Sonoran Desert Experience…thru “lens & pen!”
Hi … I’m Cyndy Warnier, the Program & Development Director here at Spirit in the Desert. I am the shutter-bug of the photos you see on our website. I am also a lover of the desert, and along with my husband, Al who also works here and is an arborist, study the desert through my lens as well as through forums to learn about its unique flora and fauna. So, from my “lens & pen”–welcome to a “Sonoran Desert Experience!” Each month I will post an article, with pictures-of course, about life in this beautiful and diverse desert. Birds, mammals, reptiles…even an arachnid or two, plus a variety of plants whose botany is specific to Arizona’s portion of the Sonoran Desert–and all whose existence are endangered. And just so you know…our bookstore features many of my photos in a variety of matted sizes, as well as on 5×7 photo cards, complete with all occasion sayings. You can always “take away a bit of the desert” in my pictures to remind you of your stay at Spirit in the Desert Retreat Center.
The Desert Tortoise (Gopherus agassizii) has lived in the Mojave and Sonora Deserts of California, southern Nevada, Arizona, SW Utah and Mexico for thousands of years! Our Native peoples call them the “soul of the desert” and sadly this hurting gentle soul is becoming threatened…mostly by human encroachment. Clear-cutting creosote/desert habitats for housing, poaching, grading desert land for farming, climate change, litter and 4-wheelers are the main culprits in the demise of the Desert Tortoise. So how important is a tortoise to our desert? Below are just a few points of how critical this gentle soul is to our desert … I urge you to read more on the topic as education is what will keep them from disappearing.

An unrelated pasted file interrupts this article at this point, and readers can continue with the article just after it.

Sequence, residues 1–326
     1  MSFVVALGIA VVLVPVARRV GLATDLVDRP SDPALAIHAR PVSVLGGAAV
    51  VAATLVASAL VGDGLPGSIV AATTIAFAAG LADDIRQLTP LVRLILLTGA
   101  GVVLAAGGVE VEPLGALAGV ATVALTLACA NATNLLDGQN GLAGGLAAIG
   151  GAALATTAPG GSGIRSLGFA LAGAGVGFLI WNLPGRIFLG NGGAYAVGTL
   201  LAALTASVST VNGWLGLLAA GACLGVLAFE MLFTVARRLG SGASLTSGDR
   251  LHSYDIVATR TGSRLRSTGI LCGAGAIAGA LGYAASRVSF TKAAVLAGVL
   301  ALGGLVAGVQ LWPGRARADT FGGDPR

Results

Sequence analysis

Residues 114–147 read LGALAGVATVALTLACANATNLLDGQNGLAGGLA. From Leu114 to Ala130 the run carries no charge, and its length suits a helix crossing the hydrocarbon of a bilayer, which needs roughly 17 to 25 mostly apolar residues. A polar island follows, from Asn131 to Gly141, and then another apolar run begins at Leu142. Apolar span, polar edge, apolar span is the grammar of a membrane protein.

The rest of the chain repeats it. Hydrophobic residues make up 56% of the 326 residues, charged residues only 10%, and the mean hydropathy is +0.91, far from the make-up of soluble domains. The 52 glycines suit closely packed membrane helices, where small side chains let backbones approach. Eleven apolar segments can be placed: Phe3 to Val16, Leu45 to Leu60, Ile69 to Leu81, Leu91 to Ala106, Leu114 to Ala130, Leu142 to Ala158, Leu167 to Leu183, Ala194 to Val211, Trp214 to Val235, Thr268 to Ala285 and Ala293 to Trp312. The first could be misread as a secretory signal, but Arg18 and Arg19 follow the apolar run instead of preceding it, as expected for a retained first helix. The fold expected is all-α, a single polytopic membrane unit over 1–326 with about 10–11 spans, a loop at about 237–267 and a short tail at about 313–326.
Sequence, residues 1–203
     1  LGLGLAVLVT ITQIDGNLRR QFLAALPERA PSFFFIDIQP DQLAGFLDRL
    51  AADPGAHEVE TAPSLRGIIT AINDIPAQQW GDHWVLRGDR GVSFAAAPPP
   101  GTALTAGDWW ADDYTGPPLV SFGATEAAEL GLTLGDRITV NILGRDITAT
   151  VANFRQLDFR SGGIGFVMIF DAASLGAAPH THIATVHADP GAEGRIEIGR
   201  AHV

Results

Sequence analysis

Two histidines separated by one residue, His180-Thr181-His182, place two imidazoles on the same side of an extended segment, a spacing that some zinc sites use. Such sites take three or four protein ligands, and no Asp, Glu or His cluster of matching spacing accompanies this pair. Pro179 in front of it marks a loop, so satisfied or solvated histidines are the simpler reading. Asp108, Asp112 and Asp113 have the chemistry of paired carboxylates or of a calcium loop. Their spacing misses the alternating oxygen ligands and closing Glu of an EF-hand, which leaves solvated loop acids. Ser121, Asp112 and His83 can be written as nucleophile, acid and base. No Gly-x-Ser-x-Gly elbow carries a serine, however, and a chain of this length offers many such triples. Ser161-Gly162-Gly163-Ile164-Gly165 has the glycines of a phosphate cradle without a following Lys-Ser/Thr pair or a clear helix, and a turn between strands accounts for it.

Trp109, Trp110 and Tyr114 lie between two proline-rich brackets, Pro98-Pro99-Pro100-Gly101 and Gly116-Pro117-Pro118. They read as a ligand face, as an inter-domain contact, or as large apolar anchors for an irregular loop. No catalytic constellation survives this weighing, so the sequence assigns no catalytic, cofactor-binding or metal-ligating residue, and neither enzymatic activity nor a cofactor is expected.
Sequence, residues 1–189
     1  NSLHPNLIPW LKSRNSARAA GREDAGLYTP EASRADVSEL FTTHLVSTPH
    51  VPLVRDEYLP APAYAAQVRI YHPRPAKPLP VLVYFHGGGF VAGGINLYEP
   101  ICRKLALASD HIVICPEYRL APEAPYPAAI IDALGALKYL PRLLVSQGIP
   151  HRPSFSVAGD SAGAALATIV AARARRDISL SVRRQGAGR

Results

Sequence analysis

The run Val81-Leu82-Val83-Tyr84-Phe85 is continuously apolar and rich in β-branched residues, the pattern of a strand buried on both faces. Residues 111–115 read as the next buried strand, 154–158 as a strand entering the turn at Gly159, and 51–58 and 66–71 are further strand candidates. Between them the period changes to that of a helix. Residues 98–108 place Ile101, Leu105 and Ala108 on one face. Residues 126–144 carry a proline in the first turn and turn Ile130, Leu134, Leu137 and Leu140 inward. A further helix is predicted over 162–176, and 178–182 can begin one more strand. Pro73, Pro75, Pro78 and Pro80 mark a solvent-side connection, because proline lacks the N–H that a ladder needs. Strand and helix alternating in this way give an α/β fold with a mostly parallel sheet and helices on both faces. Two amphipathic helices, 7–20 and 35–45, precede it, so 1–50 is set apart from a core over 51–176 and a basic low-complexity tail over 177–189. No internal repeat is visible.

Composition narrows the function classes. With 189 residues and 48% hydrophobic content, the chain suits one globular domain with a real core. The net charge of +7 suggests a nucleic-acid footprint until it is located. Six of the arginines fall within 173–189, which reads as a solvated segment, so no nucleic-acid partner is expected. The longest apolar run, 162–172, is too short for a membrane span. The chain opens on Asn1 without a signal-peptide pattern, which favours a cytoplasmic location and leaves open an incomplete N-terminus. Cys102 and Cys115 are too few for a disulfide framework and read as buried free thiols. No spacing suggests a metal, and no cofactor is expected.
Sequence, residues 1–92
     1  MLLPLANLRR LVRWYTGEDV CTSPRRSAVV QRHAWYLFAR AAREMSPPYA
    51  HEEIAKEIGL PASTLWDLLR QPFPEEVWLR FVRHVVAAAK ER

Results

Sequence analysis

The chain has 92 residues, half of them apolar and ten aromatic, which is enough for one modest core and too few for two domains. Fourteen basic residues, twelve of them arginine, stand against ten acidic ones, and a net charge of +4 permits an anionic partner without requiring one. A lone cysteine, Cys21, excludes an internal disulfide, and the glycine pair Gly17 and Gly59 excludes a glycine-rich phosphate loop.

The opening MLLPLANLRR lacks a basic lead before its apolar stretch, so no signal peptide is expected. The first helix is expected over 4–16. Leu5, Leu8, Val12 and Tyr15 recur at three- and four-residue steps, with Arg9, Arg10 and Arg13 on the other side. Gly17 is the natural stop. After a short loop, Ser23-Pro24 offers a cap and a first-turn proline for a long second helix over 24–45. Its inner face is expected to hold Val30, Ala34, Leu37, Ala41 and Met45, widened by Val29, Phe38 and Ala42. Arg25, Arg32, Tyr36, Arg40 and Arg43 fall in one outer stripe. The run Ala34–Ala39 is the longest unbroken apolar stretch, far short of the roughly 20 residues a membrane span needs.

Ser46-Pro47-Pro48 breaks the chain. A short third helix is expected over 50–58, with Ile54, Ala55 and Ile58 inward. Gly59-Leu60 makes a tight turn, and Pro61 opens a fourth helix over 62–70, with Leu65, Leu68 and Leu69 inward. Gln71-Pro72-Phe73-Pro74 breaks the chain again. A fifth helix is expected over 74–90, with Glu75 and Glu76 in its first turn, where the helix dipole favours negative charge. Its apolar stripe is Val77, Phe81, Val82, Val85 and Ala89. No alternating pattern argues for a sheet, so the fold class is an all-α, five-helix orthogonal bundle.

- Because of their innate ability to dig into and through just about anything, they help the ecology that is “below the desert floor.”
- Their burrows create a subterranean environment that is beneficial to other reptiles, mammals, birds and invertebrates. A loss of the Desert Tortoise would create a loss of habitat for so many other desert critters.
- Their symbolism … of the earth, long life, protection, fertility, healing, spirituality, and wisdom from their slow and deliberate tempo of life which is a mirror of our native peoples chosen way of living. To them, the Turtle represents Mother Earth. In the Southwest, to our Navajo and Hopi it represents water, a jewel in the desert for all life.
Below is a picture of Bucky … (our affectionate name for her) at Buckskin State Park in Parker, AZ. What a mascot–she loves apples, melons, and especially cheddar cheese … I’m thinking since I’m from Wisconsin, she just could be a Packer’s “Cheese-head!” (sorry, it’s the cheese!) I would love your feedback on this page, including pictures, thoughts, etc. I’ll leave you with a thought from the turtle … Slow and steady wins the race. ~ Aesop (620 BC – 560 BC)